So while a cheerful, optimistic approach can help in a crisis, apparently those kids tended to take more health risks through the years. “[T]oo much of a sense that ‘everything will be just fine’ can be dangerous because it can lead one to be dangerous because it can lead one to be careless about things that are important to health and long life. Prudence and persistence, however, led to a lot of important benefits for many years. It turns out that happiness is not a root cause of good health. Instead, happiness and health go together because they have common roots,” Friedman notes.
Many of The Longevity Project findings fly in the face of conventional understanding about ways to extend the healthy human lifespan. For example:
- “Don’t work too hard, don’t stress,” doesn’t work as advice for good health and long life. Terman subjects who were the most involved and committed to their jobs did the best. Continually productive men and women lived much longer than their more laid-back comrades.
- People who feel loved and cared for report a better sense of well being, but it doesn’t help them live longer. The clearest health benefit of social relationships comes from being involved with and helping others. The groups you associate with often determine the type of person you become – healthy or unhealthy.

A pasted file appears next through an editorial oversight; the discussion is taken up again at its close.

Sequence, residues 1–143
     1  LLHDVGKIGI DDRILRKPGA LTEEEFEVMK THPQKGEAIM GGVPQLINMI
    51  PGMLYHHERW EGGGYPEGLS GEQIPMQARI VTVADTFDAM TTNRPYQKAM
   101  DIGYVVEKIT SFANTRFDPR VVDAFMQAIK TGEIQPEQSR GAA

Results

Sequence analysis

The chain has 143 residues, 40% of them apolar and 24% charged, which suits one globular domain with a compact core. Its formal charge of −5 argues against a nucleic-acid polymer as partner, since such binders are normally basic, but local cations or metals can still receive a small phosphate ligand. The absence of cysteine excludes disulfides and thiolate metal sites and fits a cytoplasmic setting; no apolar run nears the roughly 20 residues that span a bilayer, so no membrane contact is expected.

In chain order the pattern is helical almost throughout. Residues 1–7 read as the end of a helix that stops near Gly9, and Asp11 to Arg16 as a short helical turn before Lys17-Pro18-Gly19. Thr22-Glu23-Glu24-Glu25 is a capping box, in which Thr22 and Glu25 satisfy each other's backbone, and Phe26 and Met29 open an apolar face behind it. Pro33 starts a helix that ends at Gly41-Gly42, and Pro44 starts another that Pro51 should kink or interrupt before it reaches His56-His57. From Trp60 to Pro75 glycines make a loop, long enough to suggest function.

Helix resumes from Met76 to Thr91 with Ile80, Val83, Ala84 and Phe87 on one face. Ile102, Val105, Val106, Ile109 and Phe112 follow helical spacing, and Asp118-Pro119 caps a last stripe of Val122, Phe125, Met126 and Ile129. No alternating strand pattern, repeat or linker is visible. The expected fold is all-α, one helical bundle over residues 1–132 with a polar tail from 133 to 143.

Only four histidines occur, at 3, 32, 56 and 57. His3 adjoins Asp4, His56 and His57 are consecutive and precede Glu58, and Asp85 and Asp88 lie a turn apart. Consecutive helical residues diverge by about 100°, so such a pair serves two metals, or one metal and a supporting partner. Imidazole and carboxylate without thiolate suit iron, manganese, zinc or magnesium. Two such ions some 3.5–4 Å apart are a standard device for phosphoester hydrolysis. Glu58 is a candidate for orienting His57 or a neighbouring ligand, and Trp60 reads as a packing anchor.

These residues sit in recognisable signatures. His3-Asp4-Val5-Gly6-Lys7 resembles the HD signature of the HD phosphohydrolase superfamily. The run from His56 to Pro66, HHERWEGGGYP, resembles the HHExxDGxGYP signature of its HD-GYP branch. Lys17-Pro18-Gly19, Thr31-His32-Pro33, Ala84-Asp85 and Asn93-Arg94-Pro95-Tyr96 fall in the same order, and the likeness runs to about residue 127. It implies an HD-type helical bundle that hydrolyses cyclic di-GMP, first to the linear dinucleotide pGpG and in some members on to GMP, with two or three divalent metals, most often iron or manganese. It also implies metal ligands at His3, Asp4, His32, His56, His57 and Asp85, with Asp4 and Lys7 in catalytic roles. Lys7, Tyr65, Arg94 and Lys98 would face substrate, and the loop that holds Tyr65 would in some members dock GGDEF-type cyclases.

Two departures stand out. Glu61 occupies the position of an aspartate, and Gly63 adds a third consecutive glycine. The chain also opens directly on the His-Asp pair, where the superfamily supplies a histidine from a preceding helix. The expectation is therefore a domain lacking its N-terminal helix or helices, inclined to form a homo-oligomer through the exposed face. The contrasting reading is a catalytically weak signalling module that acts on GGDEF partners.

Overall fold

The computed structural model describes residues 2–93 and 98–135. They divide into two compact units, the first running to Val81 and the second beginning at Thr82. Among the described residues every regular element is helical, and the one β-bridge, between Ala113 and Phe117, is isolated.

- Marriage may be good for men’s health, but it doesn’t really matter for women. Steadily married men – those who remained in long-term marriages – were likely to live to age 70 and beyond; fewer than one-third of divorced men were likely to live to 70; and men who never married outlived those who remarried and significantly outlived those who divorced – but they did not live as long as married men.
- Being divorced is much less harmful to women’s health. Women who divorced and did not remarry lived nearly as long as those who were steadily married.
- Playing with pets is not associated with longer life. Pets may sometimes improve well-being, but they are not a substitute for friends.
And that’s only listing a few. But wait, the first step, according to Friedman and Martin, is to throw away the lists and stop worrying about worrying.
“Some of the minutiae of what people think will help us lead long, healthy lives, such as worrying about the ratio of omega-6 to omega-3 fatty acids in the foods we eat, actually are red herrings, distracting us from the major pathways,” Friedman notes. “When we recognize the long-term healthy and unhealthy patterns in ourselves, we can begin to maximize the healthy patterns.” Martin concludes: “Thinking of making changes as taking ‘steps’ is a great strategy. You can’t change major things about yourself overnight. But making small changes, and repeating those steps can eventually create that path to longer life.”
So what think you, Methuselites? Are there small changes that you can envision yourself making in the immediate future that will improve or create new, healthy habits that may lead to longer life? Read up on The Longevity Project with us and tell us what you think! We’d love to hear from you.
Reference: Greenwood, Veronique. “The Longevity Project: Decades of Data Reveal Paths to Long Life.” The Atlantic March 10, 2011: 1. The Atlantic Monthly Group. Web. Web. 15 Mar. 2011. http://www.theatlantic.com/life/archive/2011/03/the-longevity-project-decades-of-data-reveal-paths-to-long-life/72290/.